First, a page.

I find the processors which come at the price between $100-$200 the best for gaming. Above that is just for the enthusiast but testing processors falling in this price range gave me a clear indication that no matter what type of gaming PC one is building, a processor doesn’t need to be so much expensive. On the other hand going below the $100 mark, we have some compromises with processors like Pentium and FX series. But after the release of Ryzen processors, things became much easy and now we have several options to choose from. So, I have listed some top of the line processors that are good for gaming as well as productivity.
Intel Core i3 8100
I believe currently the best budget gaming CPU is i3 8100 without a doubt. It’s literally a quad-core i5 processor with 6mb of cache. Intel has increased the core counts of i3/i5 and i7 by 2 from previous generations. An i3 is used to have 2 cores and 4 threads making it a virtual 4 core processor but that used to divide the power of the processor leading to lower performance.
I previously stopped recommending i3’s for a while because of the Pentium G4560 and G4600 as both of these processors have 2 cores and 4 threads and literally similar performance in gaming. But as now i3 8100 has got real 4 cores, you should get it in case you are building a budget gaming PC.
This chip is clocked at 3.6Ghz and is locked and it’s the norm of i3’s always that they come as a locked chip but for the price of under $130, you can’t complain. It doesn’t have any turbo boost technology but is equipped with Intel UHD 630 graphics. This is faster than the Ryzen 3 processors in gaming but will need a Z370 motherboard in order to operate. As there is no compatible socket except Z370, buying this processor will also lead you to spend more on a motherboard but I still think it’s worth it if you just buy a simple Z370 motherboard from Gigabyte.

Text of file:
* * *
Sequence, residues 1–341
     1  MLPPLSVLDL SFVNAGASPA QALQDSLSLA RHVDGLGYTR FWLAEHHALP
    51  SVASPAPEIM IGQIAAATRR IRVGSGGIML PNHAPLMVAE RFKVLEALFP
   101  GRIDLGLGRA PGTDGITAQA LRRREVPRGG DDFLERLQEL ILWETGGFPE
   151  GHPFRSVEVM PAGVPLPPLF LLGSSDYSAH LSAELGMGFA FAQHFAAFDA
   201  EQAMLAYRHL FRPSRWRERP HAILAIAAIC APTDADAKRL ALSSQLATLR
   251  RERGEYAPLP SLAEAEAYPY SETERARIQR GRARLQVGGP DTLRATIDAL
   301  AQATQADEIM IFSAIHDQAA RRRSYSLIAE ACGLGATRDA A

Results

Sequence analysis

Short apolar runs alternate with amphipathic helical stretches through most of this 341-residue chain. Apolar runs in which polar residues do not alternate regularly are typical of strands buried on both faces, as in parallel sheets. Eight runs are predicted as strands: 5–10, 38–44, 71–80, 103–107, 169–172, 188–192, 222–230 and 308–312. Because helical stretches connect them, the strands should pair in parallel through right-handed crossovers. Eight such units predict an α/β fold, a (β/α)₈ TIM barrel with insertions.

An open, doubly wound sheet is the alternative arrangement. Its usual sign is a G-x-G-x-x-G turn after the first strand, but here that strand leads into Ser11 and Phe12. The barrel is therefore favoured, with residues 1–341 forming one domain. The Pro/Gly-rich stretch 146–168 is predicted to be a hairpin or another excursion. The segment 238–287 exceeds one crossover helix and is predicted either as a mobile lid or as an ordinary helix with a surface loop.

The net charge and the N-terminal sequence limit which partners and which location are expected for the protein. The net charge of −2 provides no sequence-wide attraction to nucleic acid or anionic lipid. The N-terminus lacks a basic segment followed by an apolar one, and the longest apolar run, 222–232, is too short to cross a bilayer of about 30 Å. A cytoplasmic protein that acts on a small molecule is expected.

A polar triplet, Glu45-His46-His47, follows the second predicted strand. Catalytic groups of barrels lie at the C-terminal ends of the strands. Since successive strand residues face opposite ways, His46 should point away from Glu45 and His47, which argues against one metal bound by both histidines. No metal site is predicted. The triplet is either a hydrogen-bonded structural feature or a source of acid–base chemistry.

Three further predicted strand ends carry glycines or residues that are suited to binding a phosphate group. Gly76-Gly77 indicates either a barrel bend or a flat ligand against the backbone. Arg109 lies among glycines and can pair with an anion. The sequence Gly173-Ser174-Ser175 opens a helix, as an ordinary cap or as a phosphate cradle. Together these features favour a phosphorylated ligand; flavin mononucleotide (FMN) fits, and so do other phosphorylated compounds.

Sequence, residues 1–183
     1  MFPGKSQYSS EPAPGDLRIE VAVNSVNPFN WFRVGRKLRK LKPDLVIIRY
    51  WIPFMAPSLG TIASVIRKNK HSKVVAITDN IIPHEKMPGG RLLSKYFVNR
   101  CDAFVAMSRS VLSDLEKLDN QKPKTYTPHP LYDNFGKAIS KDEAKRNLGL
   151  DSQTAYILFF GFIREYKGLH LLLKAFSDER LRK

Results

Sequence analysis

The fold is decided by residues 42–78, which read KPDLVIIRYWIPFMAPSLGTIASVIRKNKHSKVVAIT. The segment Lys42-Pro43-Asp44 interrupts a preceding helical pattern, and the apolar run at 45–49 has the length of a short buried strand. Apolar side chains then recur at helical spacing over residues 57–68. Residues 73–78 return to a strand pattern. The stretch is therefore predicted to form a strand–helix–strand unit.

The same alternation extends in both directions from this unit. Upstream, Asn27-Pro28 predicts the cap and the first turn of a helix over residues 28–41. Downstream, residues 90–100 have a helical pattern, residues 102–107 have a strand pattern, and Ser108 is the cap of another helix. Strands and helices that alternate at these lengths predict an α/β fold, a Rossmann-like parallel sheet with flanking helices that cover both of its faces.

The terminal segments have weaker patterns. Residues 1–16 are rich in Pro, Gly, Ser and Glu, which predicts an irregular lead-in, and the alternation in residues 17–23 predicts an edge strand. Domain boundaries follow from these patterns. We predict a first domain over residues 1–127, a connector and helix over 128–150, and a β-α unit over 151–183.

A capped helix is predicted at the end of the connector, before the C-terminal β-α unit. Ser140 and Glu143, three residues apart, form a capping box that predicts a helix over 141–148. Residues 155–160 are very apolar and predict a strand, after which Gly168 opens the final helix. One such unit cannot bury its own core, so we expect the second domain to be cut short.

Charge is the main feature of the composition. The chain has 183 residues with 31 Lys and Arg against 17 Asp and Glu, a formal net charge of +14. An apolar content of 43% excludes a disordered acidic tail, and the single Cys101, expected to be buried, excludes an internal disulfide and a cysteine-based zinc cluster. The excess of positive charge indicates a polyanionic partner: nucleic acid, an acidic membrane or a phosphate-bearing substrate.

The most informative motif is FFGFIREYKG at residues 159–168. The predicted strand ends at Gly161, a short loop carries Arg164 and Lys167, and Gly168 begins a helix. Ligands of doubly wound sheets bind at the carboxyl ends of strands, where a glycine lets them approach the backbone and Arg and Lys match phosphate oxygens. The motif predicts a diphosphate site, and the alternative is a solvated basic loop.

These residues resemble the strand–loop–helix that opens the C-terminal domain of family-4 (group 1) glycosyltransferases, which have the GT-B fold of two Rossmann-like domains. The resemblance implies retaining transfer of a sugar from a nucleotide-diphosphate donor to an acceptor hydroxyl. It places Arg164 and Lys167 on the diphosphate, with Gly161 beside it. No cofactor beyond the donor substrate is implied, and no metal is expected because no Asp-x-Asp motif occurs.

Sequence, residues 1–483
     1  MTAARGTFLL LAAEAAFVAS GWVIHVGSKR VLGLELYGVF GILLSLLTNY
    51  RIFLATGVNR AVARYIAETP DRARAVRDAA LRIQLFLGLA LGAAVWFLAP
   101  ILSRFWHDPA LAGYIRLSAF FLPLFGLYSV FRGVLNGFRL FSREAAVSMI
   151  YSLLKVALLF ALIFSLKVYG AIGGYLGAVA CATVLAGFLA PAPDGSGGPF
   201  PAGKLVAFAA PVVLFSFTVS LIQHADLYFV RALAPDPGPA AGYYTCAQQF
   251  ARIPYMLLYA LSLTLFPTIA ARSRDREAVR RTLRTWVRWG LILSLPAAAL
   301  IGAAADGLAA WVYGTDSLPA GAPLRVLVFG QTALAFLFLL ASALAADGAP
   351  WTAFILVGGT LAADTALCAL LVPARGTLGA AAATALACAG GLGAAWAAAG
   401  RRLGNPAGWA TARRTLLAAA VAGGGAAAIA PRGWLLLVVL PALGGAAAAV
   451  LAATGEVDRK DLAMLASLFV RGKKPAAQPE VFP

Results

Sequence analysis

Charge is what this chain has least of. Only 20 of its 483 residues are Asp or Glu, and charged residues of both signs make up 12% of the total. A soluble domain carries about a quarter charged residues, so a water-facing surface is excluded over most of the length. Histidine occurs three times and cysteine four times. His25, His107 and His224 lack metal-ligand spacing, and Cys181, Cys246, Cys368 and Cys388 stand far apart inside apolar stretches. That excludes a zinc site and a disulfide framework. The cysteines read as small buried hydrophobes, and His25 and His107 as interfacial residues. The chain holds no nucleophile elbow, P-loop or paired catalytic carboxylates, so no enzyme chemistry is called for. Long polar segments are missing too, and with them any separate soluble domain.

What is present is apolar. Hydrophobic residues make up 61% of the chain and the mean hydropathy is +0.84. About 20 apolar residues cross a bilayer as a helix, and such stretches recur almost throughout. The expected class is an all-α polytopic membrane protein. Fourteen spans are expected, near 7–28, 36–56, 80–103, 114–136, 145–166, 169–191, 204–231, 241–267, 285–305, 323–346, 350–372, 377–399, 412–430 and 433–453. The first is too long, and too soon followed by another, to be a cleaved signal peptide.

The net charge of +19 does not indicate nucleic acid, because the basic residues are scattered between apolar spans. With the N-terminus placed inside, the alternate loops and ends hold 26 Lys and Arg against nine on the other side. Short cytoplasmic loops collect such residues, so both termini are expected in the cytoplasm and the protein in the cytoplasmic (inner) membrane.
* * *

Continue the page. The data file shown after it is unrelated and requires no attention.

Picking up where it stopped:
For 1080p gaming and for 1440p gaming, this will be ideal if you combine with a graphics card like GTX 1060 or GTX 1070.
AMD Ryzen 3 1200
Ryzen 3 1200 is the lowest end Ryzen processor right now and comes cheaper than the Intel Core i3. The best thing about this processor is the architecture. As we already had CPU’s from AMD which were having 4 or 6 cores at $100, so a 4 core processor is to be expected from AMD. But this time it has far better single and multi-core performance. Switching from AM3 platform to AM4, it’s a completely different chip with better architecture and much lower TDP. In fact, the Ryzen processors compete with Intel latest processors in power efficiency.
This chip is clocked at a good 3.4Ghz and as it is unlocked it can be overclocked easily up to 3.8Ghz without any problem. However, it’s not the final core clock, users are able to overclock it around 4.0Ghz but I recommend going with an aftermarket cooler for that purpose. Also, if you are just starting with overclocking, the stock AMD heatsink will be fine for a few 100Mhz. The temperature will be under control and you don’t have to spend much on it.
Cache memory, on the other hand, is also huge. Total L2+L3 cache memory is 10MB which is 6MB higher than that of Core i3 7100, so definitely it is a fast processor and with 4 cores and 4 threads, this one is a real quad-core chip which is much faster in applications and processing than an i3 of the previous generation like that of Skylake or Kabylake. The only disadvantage is that it doesn’t beat i3 in gaming.
It’s true that it has really good specs but the single core performance of i3 7100 is still faster but overall performance wise, it’s much better and If I had to choose from i3 7100 or Ryzen 3 1200, I would go with the Ryzen as 4 cores are better and a few fps won’t hurt. But with the launch of i3 8100, it’s now tough to decide between the two. Although, I believe that you can not go wrong with either Intel or AMD Ryzen. Just go with that on which you trust more.
AMD Ryzen 3 1300X
The big brother of Ryzen 3 1200 is the 1300X. Now, this chip is clocked a little higher with a base clock as 3.5Ghz and boost clock as 3.7Ghz. Although similar to the Ryzen 1200, you can overclock it up to 4.0Ghz. 4.0Ghz is the maximum clock for a Ryzen 7 processor too and this tells that it will be nearly powerful as a Ryzen 7 processor in gaming because these chips are the same with some cores disabled.